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Joint Polar Satellite System

From our global observations to your local weather forecast
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Research Partners

JPSS fosters a collaborative approach to research. Working with a variety of partners across disciplines and around the world has enabled JPSS to leverage their remote sensing and scientific research by combining skills, and aligning research and development capabilities.

Research partners assist in making JPSS data more useful to the user community through sensor calibration and validation, development of training material, and integration of new or improved satellite capabilities into operations. This research takes place within the Proving Ground and Risk Reduction (PGRR) which provides a multidisciplinary and interdisciplinary forum for research collaboration with a broad community of partners and collaborators. Although research partners do not provide direct input into Suomi NPP or JPSS program requirements, their insight is very useful in refining and clarifying user requirements.

Below is a map, along with the profiles of our current research partners

Research Partners Map

Earth System Research Laboratory

The mission of NOAA's Earth System Research Laboratory (ESRL) is to observe, understand, and predict the earth system through research that advances NOAA's environmental information and service from minutes to millennia on global-to-local scales.

Air Resources Laboratory

The Air Resources Laboratory (ARL) is a research laboratory within NOAA. ARL is headquartered at the NOAA Center for Weather and Climate Prediction in College Park, Maryland and has divisions in Idaho, Nevada, and Tennessee. Its mission is to provide atmospheric information and data to decision-makers and the science community in order to improve the Nation’s ability to protect human and ecosystem health. ARL conducts research and development in the fields of atmospheric dispersion, air quality, climate change, and boundary layer science.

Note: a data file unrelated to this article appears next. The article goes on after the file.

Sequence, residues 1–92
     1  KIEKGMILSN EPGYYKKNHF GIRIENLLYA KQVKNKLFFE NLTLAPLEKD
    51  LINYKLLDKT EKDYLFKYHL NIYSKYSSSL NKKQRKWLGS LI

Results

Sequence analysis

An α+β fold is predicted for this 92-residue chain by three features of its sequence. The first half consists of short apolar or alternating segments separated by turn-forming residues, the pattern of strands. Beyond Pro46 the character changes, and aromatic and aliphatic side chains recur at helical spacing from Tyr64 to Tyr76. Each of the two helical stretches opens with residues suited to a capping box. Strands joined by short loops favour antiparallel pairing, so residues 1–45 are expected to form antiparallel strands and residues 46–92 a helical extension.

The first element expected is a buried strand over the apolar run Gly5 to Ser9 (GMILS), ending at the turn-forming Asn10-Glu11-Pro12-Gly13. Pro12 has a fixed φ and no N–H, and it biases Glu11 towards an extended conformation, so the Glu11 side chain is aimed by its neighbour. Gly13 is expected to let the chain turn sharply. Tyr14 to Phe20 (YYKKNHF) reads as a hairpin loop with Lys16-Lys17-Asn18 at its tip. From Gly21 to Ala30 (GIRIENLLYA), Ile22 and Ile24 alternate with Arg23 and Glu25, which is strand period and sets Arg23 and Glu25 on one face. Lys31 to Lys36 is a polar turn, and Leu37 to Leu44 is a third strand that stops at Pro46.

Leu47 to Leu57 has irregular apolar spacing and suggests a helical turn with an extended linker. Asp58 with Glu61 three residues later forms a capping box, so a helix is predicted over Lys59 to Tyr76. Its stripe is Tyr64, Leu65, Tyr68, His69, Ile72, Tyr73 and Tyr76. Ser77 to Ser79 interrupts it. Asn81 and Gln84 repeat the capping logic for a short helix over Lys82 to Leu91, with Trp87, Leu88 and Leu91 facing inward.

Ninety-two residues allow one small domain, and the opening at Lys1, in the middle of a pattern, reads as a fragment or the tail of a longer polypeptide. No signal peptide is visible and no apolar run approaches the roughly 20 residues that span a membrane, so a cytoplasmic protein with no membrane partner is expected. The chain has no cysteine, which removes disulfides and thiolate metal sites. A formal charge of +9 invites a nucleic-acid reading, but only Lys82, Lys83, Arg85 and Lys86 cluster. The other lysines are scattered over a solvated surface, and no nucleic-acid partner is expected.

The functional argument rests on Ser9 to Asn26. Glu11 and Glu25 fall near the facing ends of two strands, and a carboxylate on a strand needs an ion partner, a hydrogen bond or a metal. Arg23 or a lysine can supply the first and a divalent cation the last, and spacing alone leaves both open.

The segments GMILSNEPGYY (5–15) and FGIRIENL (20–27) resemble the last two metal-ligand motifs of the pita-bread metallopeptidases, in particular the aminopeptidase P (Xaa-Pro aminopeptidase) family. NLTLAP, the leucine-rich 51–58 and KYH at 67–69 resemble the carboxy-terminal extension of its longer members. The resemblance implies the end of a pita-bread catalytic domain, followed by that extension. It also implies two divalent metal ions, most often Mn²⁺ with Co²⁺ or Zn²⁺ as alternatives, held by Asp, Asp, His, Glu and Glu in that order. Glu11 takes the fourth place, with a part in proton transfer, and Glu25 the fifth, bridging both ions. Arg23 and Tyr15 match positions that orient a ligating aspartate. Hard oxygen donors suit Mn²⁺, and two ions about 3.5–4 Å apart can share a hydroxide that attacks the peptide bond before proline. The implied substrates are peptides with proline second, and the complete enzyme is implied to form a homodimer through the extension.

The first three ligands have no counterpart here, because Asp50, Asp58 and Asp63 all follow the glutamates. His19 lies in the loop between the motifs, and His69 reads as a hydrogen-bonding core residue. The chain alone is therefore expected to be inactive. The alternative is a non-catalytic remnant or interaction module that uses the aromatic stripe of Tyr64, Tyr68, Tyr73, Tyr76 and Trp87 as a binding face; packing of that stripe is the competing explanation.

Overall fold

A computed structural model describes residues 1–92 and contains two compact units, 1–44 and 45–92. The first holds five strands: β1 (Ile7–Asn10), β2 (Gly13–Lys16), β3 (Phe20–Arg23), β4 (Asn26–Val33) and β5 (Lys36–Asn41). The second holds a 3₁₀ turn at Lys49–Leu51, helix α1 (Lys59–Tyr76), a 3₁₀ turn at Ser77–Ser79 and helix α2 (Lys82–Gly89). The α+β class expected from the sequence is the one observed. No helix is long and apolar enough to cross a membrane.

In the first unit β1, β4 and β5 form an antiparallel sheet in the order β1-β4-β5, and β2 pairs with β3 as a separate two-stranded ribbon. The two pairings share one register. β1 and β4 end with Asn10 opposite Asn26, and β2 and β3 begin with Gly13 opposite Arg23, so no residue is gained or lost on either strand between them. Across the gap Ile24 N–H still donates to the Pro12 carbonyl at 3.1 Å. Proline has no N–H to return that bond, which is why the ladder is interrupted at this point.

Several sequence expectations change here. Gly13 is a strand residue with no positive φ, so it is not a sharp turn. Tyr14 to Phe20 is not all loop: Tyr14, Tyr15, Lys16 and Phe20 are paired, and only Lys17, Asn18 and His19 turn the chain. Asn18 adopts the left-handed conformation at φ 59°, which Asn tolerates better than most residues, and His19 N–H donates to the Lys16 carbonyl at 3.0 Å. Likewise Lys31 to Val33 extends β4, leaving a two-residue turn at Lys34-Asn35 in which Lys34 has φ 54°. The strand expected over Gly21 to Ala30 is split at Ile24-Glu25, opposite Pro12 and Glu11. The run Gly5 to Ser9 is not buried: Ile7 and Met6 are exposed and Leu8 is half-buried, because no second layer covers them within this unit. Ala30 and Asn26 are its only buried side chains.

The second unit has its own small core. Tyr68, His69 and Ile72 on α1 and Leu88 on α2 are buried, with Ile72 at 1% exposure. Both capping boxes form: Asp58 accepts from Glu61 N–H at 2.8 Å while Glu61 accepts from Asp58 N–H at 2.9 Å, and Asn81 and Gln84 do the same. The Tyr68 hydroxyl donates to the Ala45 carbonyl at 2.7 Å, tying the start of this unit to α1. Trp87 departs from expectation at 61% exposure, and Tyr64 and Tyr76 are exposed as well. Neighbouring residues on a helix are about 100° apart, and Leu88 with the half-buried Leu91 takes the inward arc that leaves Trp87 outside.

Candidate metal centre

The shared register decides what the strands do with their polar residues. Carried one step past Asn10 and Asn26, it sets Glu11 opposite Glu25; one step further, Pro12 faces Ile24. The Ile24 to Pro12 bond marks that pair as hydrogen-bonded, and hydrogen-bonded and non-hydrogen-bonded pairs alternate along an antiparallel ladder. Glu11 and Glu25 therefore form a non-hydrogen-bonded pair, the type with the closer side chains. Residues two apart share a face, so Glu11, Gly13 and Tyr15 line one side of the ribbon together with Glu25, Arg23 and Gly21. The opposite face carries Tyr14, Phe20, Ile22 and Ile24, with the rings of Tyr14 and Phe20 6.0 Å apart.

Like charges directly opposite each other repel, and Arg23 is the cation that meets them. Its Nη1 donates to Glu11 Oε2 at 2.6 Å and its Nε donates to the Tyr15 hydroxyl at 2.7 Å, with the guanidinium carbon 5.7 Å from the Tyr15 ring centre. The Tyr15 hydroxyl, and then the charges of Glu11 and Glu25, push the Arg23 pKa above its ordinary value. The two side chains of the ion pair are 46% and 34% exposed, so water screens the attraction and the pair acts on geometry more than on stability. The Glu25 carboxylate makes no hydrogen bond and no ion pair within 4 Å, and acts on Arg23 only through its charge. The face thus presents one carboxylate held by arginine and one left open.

Short-term Prediction Research and Transition Center

The Short-term Prediction Research and Transition (SPoRT) project focuses on the transition of unique NOAA and NASA satellite observations and modeling capabilities to support short-term, regional weather forecasting. The goal of this activity is to help forecasters better understand the environment, improve short-term weather forecasts, and enhance situational awareness on a regional and local scale. SPoRT is located at NASA’s Marshall Space Flight Center (MSFC) Earth Science Office (ESO) at the National Space Science and Technology Center (NSSTC), in Huntsville, Alabama.

United States Research Laboratory

The United States Naval Research Laboratory (NRL) is the corporate research laboratory for the Navy and Marine Corps and conducts a broad program of scientific research, technology and advanced development. NRL has served the Navy and the nation for 90 years and continues to meet the complex technological challenges of today's world.

Geographic Information Network of Alaska

The Geographic Information Network of Alaska (GINA) is a mechanism within the University of Alaska (UA) for sharing data and technical capacity among Alaskan, Arctic, and world communities. GINA receives numerous geospatial data sets, many in real time. Information is then rapidly processed and provided to Alaska WFOs. Direct Broadcast is a vital conduit for the PGRR to demonstrate the value of regional applications, the distribution of very low latency JPSS products to NWS, and evaluate the impact.